Railway - Great Britain & Ireland
British Railways, Locomotives, Carriages, Wagons and Timetables
The opening of the Stockton and Darlington Railway in 1825 and the Liverpool and Manchester Railway in 1830 were key milestones in the creation of the modern railway. Their George and Robert Stephenson designed steam locomotives, hauling passenger and freight trains on iron rails, had evolved from horse drawn wooden wagonways and the first steam locomotives pioneered by Richard Trevithick.
Railway expansion across Britain followed rapidly with the numerous companies formed during the railway mania of the 1840s being consolidated and amalgamated up to the First World War. The 1923 Grouping created the ‘Big Four’ railway companies of the Great Western; Southern; London, Midland and Scottish; and London and North Eastern. These companies were nationalised to form British Railways in 1948 and succeeded by the creation of the modern railway system on privatisation from 1994.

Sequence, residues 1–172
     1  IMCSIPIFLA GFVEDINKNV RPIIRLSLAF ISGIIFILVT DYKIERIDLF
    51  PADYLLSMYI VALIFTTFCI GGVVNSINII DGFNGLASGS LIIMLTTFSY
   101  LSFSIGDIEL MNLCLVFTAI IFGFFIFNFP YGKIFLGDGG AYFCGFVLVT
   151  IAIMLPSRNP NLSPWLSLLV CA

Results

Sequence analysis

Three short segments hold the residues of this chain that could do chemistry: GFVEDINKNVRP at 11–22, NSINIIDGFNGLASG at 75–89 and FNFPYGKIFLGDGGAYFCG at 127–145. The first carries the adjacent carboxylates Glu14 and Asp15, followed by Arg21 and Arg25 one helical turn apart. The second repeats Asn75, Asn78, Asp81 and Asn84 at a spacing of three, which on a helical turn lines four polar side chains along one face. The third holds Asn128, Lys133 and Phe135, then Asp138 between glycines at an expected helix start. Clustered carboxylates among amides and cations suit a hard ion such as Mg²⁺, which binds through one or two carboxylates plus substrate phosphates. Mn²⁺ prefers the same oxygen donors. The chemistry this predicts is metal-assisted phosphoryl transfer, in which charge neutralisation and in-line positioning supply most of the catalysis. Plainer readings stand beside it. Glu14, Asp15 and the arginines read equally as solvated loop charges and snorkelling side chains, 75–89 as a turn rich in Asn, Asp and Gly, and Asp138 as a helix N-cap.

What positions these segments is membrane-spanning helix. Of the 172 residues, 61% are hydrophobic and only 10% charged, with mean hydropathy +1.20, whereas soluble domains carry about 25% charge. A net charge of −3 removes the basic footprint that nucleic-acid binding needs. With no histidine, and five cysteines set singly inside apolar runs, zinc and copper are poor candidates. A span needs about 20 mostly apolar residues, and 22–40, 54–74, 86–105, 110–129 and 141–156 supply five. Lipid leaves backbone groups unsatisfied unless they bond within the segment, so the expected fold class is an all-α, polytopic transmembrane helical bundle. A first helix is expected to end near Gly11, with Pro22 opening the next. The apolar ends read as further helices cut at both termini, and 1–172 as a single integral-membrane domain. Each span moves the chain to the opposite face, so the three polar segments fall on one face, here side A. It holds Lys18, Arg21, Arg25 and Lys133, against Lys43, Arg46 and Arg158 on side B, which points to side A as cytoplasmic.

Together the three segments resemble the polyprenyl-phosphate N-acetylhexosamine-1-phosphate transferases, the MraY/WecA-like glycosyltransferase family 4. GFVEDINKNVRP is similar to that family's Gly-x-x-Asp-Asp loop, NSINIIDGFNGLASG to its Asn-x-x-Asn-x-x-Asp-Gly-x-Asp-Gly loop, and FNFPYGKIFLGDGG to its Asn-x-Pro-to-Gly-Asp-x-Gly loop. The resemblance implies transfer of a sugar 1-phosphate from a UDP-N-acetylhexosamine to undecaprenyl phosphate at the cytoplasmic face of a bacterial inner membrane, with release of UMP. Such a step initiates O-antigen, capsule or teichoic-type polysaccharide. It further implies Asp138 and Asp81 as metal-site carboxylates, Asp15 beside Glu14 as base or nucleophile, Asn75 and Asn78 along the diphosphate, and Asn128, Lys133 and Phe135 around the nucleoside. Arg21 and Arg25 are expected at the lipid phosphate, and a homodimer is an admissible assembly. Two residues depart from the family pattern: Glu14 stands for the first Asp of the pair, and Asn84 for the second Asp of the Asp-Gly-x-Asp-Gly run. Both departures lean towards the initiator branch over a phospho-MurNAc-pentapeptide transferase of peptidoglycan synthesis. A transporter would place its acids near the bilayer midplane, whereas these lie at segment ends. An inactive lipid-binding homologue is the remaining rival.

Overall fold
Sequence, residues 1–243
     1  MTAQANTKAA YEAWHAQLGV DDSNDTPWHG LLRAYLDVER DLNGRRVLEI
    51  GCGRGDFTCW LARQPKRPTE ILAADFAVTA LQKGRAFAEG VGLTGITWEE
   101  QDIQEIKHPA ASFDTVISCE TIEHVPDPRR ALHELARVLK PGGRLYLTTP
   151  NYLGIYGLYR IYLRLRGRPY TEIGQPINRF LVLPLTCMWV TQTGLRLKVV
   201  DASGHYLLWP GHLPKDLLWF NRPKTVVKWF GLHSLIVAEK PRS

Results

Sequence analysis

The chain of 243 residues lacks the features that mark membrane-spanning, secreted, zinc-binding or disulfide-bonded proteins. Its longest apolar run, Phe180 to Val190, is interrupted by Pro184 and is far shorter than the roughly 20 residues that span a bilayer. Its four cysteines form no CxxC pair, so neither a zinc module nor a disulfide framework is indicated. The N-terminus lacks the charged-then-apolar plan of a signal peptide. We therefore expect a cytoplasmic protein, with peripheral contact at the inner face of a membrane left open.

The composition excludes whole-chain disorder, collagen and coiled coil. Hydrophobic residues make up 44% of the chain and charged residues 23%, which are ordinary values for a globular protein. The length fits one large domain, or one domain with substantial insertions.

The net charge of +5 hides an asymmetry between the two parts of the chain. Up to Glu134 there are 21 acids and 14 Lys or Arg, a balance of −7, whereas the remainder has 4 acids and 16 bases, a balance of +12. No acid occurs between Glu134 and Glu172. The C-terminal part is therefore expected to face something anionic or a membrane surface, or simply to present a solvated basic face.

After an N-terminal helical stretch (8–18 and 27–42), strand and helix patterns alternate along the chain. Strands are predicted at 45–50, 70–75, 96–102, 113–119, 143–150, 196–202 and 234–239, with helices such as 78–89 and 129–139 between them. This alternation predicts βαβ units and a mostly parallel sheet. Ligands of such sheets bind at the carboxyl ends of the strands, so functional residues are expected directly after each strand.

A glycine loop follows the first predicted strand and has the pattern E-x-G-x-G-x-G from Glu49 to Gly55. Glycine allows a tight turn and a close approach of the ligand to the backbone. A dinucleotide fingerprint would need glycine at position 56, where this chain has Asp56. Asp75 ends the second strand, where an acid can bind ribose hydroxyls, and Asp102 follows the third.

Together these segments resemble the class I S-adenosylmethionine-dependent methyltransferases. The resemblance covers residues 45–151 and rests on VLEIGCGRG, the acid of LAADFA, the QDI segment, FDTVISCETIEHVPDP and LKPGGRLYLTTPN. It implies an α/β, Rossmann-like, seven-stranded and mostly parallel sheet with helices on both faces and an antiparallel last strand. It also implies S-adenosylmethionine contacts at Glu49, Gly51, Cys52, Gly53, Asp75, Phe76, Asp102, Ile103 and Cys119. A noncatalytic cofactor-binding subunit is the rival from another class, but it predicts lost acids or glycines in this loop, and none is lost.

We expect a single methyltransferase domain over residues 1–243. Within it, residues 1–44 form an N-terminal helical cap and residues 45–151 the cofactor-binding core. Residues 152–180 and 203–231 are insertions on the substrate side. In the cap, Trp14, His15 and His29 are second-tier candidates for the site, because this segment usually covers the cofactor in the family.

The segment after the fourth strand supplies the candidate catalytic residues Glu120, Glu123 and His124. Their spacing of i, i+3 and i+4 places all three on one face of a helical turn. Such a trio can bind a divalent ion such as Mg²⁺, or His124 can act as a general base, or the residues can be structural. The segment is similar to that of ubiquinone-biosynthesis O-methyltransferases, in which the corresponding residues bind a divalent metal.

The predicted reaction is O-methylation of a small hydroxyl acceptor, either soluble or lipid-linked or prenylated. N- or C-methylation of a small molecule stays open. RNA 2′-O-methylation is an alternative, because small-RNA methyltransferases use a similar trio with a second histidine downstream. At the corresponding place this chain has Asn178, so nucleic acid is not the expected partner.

Locomotives, carriages and wagons developed to improve performance and operate on the variety of standard gauge, narrow gauge, miniature, light, industrial and military railways. Steam locomotives operated on main lines until 1968, followed by diesel and electric ‘modern traction’.
This category of books, maps, timetables and other ephemera comprehensively covers all aspects of the railways of Britain, including its locomotives, rolling stock, infrastructure and operations. You can review in total or use the sub-categories on the left of this page to focus on a specific area of interest.
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